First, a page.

“The Breaking Point” (1950) starring John Garfield, Patricia Neal, & Phyllis Thaxter

[1] Peppered with sparkling dialogue throughout, everything in the film is splendidly executed. The movie just rattles along at a well defined pace.

[2] ...this contains one of John Garfield’s best performances. Always a fine actor, he gets under the skin of his character and makes you understand his desperation and moral conflict, he’s riveting every second he is on screen.

[3] The relationship between Juano Hernandez’ Wesley and Garfield’s Harry is about as race neutral as it could be. … they are partners – and they seem truly friends beyond their business relationship.

-Excerpts from IMDB reviews

Tagline: There’s nothing more deadly than a gentle man pushed too far!

This film is smart, touching, entertaining, well-acted, and well-shot. The Breaking Point comes from a novel by Ernest Hemingway (To Have and Have Not). This was identified by critic Thom Andersen as an example of film gris, a suggested sub-category of film noir w/ a left-wing narrative. Michael Curtiz, who also directed Casablanca, shows he had a tough side. The screenplay by Ranald MacDougall is considered (in certain scenes) to be even better than the novel! TCM’s Eddie Muller noted that star John Garfield thought this was his best performance and the film of which he was most proud. He provided many ideas to the producers and director, unofficially taking on an executive producer role. This was Garfield’s second to last role before being blacklisted.

Harry: A man alone ain’t got a chance.

Garfield was the type of leading man who resembled a working man- rugged, blue collar, and wearing a leather jacket. This kind of leading man would rise to prominence after WWII w/ actors such as: James Dean, Marlon Brando, Paul Newman, and Steve McQueen. In Balboa, CA, Capt. Harry Morgan (Garfield) doesn’t quite fit in during peacetime. He earned a Purple Heart for his service in WWII, but now struggles to make payments on his boat and provide for his family (wife and two daughters). The domestic scenes between Harry and wife- Lucy (Phyllis Thaxter)- are touching and realistic. Though devoted to her stubborn husband, she’s determined and strong-willed. Harry’s mate, Wesley Park (Juano Hernandez- a pioneer among Black actors), is loyal, wise and patient; they worked together on the boat for 12 yrs. Unlike some other characters of the period, “he is not an example of noble Black suffering” (as Muller commented). Wesley has a shy/young son who walks to school w/ Harry’s daughters.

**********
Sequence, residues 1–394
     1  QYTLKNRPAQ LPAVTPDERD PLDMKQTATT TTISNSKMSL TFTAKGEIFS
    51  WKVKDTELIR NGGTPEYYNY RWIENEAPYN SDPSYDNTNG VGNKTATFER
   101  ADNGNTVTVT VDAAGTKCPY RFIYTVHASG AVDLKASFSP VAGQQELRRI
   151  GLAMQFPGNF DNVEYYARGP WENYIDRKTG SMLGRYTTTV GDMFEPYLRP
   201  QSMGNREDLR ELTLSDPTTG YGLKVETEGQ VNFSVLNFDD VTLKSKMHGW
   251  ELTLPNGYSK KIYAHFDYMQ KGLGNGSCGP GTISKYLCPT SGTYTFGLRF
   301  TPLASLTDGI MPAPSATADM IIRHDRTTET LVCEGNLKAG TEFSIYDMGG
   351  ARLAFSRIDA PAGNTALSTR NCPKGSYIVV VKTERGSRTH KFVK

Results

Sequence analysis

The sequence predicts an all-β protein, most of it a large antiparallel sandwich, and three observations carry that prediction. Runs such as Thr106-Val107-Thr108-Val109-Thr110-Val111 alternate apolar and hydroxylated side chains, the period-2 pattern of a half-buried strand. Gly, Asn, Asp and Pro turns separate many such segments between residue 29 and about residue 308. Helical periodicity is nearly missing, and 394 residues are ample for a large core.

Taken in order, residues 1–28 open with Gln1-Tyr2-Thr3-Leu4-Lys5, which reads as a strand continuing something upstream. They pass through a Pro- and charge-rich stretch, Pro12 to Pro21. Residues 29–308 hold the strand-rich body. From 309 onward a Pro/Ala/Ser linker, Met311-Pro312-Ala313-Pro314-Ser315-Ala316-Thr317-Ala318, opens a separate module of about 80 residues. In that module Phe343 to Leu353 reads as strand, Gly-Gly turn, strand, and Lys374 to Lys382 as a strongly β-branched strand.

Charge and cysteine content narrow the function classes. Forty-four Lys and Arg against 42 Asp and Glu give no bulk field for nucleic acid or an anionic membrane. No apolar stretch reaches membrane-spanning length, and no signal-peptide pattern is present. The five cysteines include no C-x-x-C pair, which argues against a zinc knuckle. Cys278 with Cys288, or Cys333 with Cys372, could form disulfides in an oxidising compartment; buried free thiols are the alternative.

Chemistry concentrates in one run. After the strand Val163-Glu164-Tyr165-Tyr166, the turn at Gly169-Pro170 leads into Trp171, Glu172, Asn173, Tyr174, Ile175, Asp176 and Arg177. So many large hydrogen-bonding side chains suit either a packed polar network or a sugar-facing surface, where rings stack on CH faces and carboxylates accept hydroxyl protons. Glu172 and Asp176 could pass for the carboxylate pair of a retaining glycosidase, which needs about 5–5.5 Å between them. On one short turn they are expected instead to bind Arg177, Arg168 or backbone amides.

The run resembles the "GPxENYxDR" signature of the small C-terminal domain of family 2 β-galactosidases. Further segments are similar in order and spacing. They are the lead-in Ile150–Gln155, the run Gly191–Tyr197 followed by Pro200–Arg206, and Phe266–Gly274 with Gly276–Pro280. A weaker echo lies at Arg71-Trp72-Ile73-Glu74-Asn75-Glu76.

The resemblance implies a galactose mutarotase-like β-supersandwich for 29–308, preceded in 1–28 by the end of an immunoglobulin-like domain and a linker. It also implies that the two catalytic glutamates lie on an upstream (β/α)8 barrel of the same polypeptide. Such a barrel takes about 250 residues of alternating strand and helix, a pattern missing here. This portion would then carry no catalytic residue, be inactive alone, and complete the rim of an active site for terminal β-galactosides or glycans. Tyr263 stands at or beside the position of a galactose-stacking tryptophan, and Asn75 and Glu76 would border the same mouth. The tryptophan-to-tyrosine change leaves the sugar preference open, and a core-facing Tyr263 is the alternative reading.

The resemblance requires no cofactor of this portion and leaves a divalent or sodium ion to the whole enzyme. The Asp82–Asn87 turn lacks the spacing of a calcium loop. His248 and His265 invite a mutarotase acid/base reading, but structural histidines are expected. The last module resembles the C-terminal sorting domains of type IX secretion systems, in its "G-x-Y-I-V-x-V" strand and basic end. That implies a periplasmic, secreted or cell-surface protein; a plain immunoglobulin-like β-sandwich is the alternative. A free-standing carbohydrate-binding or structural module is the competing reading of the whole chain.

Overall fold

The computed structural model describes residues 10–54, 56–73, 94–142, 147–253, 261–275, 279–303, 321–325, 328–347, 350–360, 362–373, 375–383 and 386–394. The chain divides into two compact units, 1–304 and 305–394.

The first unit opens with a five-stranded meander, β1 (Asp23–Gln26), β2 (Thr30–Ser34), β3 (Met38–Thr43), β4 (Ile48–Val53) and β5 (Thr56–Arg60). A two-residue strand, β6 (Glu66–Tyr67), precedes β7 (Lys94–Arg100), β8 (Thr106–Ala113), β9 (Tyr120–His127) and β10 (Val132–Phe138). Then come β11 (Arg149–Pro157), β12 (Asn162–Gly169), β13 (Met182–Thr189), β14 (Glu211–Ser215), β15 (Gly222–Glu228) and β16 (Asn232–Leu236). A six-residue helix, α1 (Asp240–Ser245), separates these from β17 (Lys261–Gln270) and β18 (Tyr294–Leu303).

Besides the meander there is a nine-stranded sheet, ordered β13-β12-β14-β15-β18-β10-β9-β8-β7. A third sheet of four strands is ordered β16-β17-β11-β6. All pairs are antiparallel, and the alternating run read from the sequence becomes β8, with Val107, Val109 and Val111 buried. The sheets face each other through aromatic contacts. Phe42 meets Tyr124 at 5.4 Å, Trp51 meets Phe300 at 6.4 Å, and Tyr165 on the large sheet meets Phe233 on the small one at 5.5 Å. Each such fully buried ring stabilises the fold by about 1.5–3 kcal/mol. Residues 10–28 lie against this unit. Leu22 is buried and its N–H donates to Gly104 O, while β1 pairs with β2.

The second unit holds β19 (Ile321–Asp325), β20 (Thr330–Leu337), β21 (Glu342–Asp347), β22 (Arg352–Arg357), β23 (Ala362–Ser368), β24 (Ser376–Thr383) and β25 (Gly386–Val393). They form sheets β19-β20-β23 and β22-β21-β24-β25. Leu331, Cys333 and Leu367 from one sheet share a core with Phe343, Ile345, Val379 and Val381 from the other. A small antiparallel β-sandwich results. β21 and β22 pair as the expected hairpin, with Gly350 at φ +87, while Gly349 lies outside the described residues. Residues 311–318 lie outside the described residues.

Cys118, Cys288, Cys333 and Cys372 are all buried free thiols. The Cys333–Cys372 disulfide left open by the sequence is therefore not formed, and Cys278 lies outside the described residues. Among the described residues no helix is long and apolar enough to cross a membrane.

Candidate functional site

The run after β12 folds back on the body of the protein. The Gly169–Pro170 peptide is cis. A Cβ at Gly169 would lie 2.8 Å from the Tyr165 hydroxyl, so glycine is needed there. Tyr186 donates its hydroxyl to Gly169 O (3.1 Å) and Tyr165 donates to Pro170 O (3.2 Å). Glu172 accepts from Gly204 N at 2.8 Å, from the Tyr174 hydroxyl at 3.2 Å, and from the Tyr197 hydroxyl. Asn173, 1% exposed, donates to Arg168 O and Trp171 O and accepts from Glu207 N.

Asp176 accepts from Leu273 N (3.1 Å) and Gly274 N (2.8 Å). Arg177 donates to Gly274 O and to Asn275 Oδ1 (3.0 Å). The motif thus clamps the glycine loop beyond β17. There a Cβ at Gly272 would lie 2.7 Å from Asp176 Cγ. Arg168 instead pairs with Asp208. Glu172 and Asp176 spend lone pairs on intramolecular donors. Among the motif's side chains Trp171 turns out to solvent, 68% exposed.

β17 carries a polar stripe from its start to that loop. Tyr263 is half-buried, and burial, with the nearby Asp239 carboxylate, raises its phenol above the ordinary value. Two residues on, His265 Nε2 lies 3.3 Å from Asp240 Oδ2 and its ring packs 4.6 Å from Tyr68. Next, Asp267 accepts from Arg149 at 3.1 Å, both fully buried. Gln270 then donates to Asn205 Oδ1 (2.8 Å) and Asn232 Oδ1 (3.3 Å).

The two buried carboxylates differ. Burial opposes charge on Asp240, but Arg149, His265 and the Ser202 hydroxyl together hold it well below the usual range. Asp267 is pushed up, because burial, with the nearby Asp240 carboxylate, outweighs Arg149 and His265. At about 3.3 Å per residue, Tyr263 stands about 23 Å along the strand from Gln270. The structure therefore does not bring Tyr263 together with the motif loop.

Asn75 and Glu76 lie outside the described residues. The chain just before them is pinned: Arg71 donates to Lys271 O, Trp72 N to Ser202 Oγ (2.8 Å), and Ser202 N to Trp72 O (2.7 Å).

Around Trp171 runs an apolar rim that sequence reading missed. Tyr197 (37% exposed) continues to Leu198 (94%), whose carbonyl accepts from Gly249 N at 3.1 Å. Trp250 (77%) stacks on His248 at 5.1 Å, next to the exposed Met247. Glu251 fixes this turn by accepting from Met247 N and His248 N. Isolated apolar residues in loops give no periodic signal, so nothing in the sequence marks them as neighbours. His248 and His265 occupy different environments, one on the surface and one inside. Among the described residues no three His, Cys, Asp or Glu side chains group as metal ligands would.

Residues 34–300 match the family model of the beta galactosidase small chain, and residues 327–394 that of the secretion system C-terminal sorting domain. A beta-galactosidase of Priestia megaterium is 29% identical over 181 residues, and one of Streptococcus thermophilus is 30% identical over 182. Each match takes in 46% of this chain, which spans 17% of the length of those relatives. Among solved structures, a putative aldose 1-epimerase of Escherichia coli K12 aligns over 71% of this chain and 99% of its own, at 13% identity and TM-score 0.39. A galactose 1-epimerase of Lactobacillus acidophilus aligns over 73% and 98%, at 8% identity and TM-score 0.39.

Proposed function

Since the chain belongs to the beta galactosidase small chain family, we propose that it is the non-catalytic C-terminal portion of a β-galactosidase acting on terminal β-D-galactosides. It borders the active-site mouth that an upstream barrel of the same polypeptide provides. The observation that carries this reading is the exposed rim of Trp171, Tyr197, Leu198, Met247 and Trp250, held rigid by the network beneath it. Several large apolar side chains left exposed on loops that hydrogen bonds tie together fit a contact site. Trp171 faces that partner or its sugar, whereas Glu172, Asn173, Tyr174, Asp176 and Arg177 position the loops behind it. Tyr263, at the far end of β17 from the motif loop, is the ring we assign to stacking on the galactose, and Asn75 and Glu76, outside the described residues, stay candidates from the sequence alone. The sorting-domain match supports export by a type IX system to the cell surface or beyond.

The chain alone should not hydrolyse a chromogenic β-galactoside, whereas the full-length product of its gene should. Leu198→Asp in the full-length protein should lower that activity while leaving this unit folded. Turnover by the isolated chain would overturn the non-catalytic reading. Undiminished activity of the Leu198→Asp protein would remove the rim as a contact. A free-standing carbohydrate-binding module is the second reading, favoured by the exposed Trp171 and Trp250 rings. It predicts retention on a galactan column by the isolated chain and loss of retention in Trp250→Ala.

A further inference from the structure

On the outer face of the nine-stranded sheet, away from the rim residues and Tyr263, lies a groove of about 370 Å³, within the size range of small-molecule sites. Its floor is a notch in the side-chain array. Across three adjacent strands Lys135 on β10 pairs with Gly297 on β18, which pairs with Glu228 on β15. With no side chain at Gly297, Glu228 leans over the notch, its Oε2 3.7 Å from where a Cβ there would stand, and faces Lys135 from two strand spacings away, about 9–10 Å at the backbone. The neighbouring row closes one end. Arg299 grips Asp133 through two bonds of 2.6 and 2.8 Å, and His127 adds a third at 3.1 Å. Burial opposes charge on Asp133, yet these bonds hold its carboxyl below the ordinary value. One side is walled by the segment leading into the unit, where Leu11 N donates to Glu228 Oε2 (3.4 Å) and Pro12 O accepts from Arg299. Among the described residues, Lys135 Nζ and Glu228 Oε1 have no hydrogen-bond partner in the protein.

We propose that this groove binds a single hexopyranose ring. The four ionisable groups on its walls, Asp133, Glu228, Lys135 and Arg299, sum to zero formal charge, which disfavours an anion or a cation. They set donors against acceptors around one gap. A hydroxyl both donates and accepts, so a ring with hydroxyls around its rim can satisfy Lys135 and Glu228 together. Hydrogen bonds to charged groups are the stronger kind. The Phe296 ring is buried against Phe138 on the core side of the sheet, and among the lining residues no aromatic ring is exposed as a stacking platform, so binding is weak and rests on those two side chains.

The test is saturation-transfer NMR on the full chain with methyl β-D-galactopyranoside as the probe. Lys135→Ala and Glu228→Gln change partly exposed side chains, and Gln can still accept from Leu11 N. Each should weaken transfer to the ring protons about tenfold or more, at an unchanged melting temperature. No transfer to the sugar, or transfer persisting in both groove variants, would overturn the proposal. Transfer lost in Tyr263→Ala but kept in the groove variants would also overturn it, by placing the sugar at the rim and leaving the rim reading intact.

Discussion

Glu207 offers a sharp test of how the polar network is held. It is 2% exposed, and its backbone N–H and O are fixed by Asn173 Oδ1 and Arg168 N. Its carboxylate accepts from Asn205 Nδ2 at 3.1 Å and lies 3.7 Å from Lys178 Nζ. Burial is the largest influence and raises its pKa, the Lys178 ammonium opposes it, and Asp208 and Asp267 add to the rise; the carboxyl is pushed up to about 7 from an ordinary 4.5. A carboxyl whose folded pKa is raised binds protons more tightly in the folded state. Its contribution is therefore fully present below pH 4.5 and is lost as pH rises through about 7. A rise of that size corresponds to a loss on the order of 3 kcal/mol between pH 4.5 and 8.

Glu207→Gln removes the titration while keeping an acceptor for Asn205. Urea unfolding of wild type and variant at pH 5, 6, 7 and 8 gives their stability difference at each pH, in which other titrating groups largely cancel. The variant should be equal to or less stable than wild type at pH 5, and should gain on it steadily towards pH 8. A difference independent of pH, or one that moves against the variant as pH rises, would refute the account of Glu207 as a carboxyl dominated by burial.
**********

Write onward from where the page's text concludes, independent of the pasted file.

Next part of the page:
Harry: [to Leona as she reaches into his shirt pocket for a cigarette] Yuh know, one of these days you’re gonna get your arm broke reachin’ for something that don’t belong to yuh.

Leona: It’s all in a good cause.

The femme fatale in the story is Leona Charles (Patricia Neal); she meets Harry on one of his trips down to Mexico w/ her older male friend, Hannagan (Ralph Dumke). Leona is a platinum blonde, wears nice clothes, and leads w/ her feminine charms. Harry tries to ignore her (but in a nice manner); she keeps trying to get him interested. After the two-week fishing trip, Hannagan suddenly flies off before paying Harry, and stranding Leona! A shady lawyer, F.R. Duncan (Wallace Ford), offers to help Harry make up for the loss and maybe earn a lot more. Harry has never done anything illegal, but now is faced w/ a desperate situation. Watch the full movie below.

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